Each flyline 212 might correspond to a single wireline connection or multiple wireline connections. In a representative embodiment, the CAD tool running method 100 might use color coding in a graphical user interface (GUI) to indicate to the user the type of wireline connection, e.g., point-to-point or point-to-multipoint. For example, in
In one embodiment, the placement algorithm of step 106 might treat flylines 212 as rubber bands that are stretched and reoriented when various functional blocks are being moved inside boundary box 202. If step 106 uses a cost function that seeks to minimize the average wireline length, then the “tension” of each rubber band can qualitatively be viewed as a measure of the contribution of each particular flyline 212 into the cost function. One skilled in the art will appreciate that, using said cost function, the placement algorithm of step 106 will effectively seek to minimize the cumulative tension of the rubber bands by appropriately moving various functional blocks inside boundary box 202. An exemplary final result of the functional-block rearrangement effected at step 106 might look like the layout shown in
The layout shown in
Referring back to
Referring again to
At step 112, the constraints can be adjusted as appropriate or necessary to enable method 100 to converge on a usable block-structured floorplan during a next iteration. In addition, the placement, sizes, and other relevant parameters of the functional blocks can be adjusted to further facilitate the convergence and/or to take into account any additional considerations that the user might have after the last execution of steps 106-110. After step 112, the processing of method 100 is directed back to step 106.
In general, a CAD tool running method 100 enables the user to inspect the results at each step of the method and save them in a desired format. For example, the CAD tool might be configured to generate a description of various components that might be required as inputs for any subsequent block-level work, including the work performed using other CAD tools. Such description might include block sizes, block shapes, internal pin locations for various blocks, and parameters of block and/or pin metal layers, all specified in a selected standard format (e.g., the Design Exchange Format, DEF). The CAD tool further enables the user to interactively change, e.g., using a GUI, one or more parameters for various components of the current IC layout and then restart method 100 using the modified IC layout as a new starting point. Alternatively or in addition, the CAD tool might enable the user to locally restart method 100 at any processing step while using the modified IC layout as a starting point for that particular step.
Advantageously over the prior-art CAD tools, a CAD tool running method 100 can automatically create a block-structured floorplan with functional blocks having optimal sizes, shapes, and locations according to user-specified attributes, characteristics, and goals at any level of design completeness (e.g., RTL, netlists, and any combinations thereof). In particular, no complete design netlists are needed because method 100 enables the CAD tool to generate a usable block-structured floorplan with very little input information on the functional blocks and/or very few constraints imposed on the IC. As a result, efficient floorplanning work can be performed very early in the design process. The block-structured floorplans generated with method 100 can be reused at any floorplanning stage and are amenable to being imported into other CAD tools without manual modifications. The automation afforded by method 100 advantageously saves significant amounts of engineering time, leads to better results, and reduces design turnaround times.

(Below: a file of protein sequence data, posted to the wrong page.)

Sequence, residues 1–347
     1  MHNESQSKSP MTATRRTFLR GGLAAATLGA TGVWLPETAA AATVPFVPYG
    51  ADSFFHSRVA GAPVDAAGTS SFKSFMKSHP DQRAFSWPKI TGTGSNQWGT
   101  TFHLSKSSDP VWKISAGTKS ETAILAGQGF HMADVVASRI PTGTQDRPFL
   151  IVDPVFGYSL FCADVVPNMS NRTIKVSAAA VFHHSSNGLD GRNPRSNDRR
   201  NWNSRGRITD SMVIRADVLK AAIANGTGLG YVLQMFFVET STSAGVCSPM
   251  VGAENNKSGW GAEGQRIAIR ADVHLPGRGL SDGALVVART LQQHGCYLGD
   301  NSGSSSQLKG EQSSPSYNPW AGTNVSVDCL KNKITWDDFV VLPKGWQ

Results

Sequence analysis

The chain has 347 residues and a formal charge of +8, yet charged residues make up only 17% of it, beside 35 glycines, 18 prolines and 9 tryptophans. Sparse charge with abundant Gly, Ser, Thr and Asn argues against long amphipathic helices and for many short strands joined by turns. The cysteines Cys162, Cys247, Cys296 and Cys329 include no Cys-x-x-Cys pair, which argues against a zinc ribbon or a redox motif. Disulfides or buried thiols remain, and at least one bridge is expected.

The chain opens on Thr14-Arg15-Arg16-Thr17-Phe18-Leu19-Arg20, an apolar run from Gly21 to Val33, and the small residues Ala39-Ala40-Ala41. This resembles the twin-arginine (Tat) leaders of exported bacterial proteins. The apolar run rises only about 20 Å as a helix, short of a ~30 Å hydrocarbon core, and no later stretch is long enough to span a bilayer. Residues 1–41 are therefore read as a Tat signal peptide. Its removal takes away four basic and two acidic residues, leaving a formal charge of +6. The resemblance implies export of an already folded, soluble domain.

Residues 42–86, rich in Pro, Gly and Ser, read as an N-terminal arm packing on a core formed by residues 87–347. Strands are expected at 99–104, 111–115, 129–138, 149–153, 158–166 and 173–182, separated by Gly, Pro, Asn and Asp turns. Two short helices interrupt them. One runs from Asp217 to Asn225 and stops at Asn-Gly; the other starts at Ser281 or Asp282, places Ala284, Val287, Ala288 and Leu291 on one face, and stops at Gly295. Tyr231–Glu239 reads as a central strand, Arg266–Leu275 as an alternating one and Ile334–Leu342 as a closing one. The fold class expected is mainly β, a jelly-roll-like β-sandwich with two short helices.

At step 302 of method 300, it is determined whether the entire overlap area can be deducted from a single functional block. More specifically, each of the two functional blocks that produce the overlap is provisionally reshaped and resized by subtracting from the functional block the entire overlap area. Then, the resulting block shape is subjected to a verification procedure to determine whether it satisfies all relevant constraints (e.g., some or all of the constraints specified at steps 102, 104, and/or 112 of method 100). If the verification fails for both shapes, then the processing of method 300 is directed to step 304. If the verification is successful for at least one of the shapes, then the processing of method 300 is directed to step 306.
At step 304, it is determined whether the overlap area can be partitioned for being deducted from two functional blocks. More specifically, a provisional division line is drawn through the overlap area to divide it into two portions. The first portion is then provisionally subtracted from one of the functional blocks, while the second portion is provisionally subtracted from the other functional block. Then, each of the resulting block shapes is subjected to a verification procedure to determine whether the functional block satisfies all relevant constraints (e.g., some or all of the constraints specified at steps 102, 104, and/or 112 of method 100). If the verification fails for at least one of the shapes, then the division line is adjusted and the evaluation is repeated until the verification is successful for both of the shapes. Thereafter, the processing of method 300 is directed to step 308, where the corresponding functional blocks are reshaped and resized according to the last partition line. If a suitable partition of the overlap area is not found after a specified number of iterations, then the processing of method 300 is terminated, e.g., to make appropriate adjustments to the floorplan and/or constraints. These adjustments can be implemented, e.g., using step 112 of method 100.